Vannesa Rosales is a feminist, teacher and social worker in the Pueblo Nuevo community of Mirada, where she has lived and worked for over eight years in many projects that have greatly benefited the local community. For example, she is part of the team that founded the Open Studies of the Politecnica Territorial University (UPTM), a programme focused on nursing, integrated health care, accounting in community management, the prevention of crime and criminology. She is also a member of a local initiative that supports women’s defence of sexual and reproductive rights, with an emphasis on advocating for the decriminalisation of abortion.
On 12 October 2020, officials from the Venezuelan Corps for Scientific, Penal and Criminal Investigations raided the house of Vannesa Rosales in Mérida. She was accused of obtaining information on and medication to cause an abortion for a 13-year-old girl who had become pregnant as a result of rape.
On 16 October 2020, a hearing was held at which the Prosecutor’s Office expressed the intention of pursuing the lesser of the crimes established in the Venezuelan Penal Code with respect to abortion, which carries a potential sentence of up to four years in prison. This charge would have enabled Vanessa Rosales to be released before and while the trial took place. However, the judge decided to charge her with more serious crimes related to illegal abortion. These carry a sentence in excess of four years; hence, defendants must be held in prison on remand before and during the legal process. She was charged with three crimes: conspiracy, association to commit a crime, and abortion induced by a third party. She was then placed in detention incommunicado in an isolated area. By law, although a preliminary hearing must be held within 15 days of such charges, that did not happen.
On 9 December, her lawyers requested that she be released under precautionary measures instead of being held in prison on remand. The preliminary hearing was set for 14 December, but it was then postponed and not rescheduled. On 22 December 2020, her lawyers filed a constitutional appeal before the Court of Appeals of Merida. They asked that the authorities comply with the rights and constitutional guarantees of the defendant, in particular that she be allowed to be free pending any legal process against her, and that she should face charges only based on her actions, not on her advocacy for women’s rights. A few days ago, it was reported that Vannesa was released from remand and would be able to remain at home until her trial, that she was no longer in prison.
Despite many recommendations by human rights bodies, including UN Women and UNICEF, to the government of Venezuela to reform its laws in line with international human rights law, Venezuela is still one of the 25% of countries that has not decriminalised or softened its legislation on the right to abortion or other women’s sexual and reproductive rights.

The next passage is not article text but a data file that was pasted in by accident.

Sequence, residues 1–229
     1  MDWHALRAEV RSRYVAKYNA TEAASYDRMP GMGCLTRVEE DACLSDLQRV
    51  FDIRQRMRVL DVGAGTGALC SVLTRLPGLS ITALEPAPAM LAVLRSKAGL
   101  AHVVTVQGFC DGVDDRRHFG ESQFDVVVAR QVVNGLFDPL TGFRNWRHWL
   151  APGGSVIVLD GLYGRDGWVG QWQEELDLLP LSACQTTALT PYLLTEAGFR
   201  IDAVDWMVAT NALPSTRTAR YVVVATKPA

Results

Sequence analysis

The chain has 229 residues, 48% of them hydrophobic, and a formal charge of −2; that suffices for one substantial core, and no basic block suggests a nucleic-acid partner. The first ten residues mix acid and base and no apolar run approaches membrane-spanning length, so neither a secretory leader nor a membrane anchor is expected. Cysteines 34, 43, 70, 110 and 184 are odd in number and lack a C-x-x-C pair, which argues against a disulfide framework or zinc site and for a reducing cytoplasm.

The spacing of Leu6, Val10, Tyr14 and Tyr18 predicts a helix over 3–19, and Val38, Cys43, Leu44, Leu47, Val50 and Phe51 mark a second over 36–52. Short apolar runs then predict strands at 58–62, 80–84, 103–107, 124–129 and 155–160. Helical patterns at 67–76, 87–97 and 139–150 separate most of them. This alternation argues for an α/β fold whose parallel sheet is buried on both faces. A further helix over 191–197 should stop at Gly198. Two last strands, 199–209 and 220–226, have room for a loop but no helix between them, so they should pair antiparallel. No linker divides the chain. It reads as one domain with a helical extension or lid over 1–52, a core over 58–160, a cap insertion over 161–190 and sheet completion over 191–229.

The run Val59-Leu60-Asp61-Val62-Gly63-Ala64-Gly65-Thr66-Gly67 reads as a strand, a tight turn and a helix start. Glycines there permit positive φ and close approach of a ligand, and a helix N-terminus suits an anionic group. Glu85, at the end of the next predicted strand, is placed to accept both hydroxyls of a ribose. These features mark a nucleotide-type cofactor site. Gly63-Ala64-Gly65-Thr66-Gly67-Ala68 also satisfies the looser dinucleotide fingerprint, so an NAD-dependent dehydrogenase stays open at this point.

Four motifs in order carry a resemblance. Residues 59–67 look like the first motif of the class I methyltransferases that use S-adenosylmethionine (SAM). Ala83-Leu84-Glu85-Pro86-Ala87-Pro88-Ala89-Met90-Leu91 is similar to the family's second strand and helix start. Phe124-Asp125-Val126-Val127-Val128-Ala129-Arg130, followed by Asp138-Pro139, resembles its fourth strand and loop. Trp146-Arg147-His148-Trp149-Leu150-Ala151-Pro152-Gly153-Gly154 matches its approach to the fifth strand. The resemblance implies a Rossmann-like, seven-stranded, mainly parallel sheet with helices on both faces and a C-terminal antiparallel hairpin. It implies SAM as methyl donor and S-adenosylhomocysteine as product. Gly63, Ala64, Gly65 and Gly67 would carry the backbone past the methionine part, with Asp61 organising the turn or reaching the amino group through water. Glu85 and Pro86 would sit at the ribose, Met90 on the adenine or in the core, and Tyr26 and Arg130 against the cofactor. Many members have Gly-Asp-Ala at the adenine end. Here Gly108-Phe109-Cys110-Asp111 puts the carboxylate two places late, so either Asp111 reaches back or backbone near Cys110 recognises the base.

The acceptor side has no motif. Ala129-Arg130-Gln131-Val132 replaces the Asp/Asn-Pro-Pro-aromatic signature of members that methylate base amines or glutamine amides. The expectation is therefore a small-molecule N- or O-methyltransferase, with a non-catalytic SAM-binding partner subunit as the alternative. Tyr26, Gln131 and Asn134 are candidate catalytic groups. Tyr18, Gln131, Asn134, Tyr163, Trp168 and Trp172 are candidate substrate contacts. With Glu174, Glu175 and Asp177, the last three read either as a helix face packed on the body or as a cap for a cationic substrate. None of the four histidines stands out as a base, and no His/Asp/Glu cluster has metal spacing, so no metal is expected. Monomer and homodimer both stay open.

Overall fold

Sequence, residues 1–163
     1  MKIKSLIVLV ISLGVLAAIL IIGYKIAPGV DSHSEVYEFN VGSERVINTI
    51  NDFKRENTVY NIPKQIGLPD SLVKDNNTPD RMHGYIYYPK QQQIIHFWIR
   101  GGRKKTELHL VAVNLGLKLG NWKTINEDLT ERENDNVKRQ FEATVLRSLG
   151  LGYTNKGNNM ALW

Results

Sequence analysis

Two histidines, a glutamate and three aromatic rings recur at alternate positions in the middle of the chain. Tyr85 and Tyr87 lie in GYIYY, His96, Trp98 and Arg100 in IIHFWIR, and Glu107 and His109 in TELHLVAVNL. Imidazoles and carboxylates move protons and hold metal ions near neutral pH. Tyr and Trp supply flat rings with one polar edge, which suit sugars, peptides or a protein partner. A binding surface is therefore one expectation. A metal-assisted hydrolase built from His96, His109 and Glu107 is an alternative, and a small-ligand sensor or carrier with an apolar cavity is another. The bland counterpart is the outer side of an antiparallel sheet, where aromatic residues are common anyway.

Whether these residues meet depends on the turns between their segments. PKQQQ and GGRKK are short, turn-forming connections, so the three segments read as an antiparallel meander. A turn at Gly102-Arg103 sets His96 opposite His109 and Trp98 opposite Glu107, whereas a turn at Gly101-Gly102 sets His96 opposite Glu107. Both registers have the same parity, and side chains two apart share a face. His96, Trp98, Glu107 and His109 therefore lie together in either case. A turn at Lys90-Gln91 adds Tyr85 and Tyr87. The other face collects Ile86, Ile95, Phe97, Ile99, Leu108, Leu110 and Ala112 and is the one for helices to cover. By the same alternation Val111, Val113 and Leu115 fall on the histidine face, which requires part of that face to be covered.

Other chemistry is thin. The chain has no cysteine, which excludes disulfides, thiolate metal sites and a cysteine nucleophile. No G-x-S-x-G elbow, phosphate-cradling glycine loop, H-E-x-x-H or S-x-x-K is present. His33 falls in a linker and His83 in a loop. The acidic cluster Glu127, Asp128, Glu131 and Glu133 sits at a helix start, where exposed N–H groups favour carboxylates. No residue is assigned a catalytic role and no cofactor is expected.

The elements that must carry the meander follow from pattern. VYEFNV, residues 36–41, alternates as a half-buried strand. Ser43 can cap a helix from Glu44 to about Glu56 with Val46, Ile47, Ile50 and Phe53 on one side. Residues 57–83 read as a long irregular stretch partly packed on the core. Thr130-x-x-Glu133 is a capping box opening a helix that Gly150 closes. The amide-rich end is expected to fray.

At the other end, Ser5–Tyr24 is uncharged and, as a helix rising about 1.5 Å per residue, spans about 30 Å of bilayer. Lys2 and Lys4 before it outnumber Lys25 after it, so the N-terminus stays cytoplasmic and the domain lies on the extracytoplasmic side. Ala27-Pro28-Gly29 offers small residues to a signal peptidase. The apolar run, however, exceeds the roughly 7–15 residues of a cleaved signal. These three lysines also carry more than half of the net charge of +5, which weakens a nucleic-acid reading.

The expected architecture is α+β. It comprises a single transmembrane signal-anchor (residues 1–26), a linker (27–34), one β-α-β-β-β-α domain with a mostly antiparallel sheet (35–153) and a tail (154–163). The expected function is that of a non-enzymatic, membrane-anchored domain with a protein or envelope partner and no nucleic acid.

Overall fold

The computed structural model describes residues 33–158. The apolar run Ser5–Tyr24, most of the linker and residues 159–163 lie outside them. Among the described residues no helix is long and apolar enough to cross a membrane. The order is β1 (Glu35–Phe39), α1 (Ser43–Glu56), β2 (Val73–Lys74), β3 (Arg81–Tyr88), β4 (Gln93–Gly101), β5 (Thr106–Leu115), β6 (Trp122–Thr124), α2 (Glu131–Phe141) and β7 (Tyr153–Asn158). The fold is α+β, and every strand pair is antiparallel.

The group Front Line Defenders have urged the authorities in Venezuela to:
1. Drop the charges against Vannesa Rosales, as they believe she is being targeted solely because of her legitimate and peaceful work as a women’s human rights defender;
2. Take all necessary measures to guarantee that Vannesa Rosales’s treatment in detention adheres to the conditions established in the ‘Set of principles for the protection of all persons under any form of detention or prison’ ‘, adopted in Resolution 43/173 of the UN General Assembly of December 9, 1988;
3. Refrain from using preventive detention to violate the right to personal liberty and the presumption of innocence, which is commonly used to punish human rights defenders and journalists in Venezuela.
4. Guarantee in all circumstances that all human rights defenders in Venezuela are able to carry out their legitimate human rights activities without fear of reprisals and free of all restrictions, including judicial harassment.
On 8 January 2021, the Venezuelan NGO 100% Estrogeno published a statement calling for Vannesa Rosales’s trial to be just and in accordance with the law, in support of this defender of sexual and reproductive rights. The full statement can be found here in Spanish. It was signed by 96 Venezuelan groups, 88 groups in other Latin American countries and 19 regional and international groups. We hope to publish an English translation in the next newsletter.
SOURCES: Front Line Defenders, 23 December 2020 ; 100% Estrogeno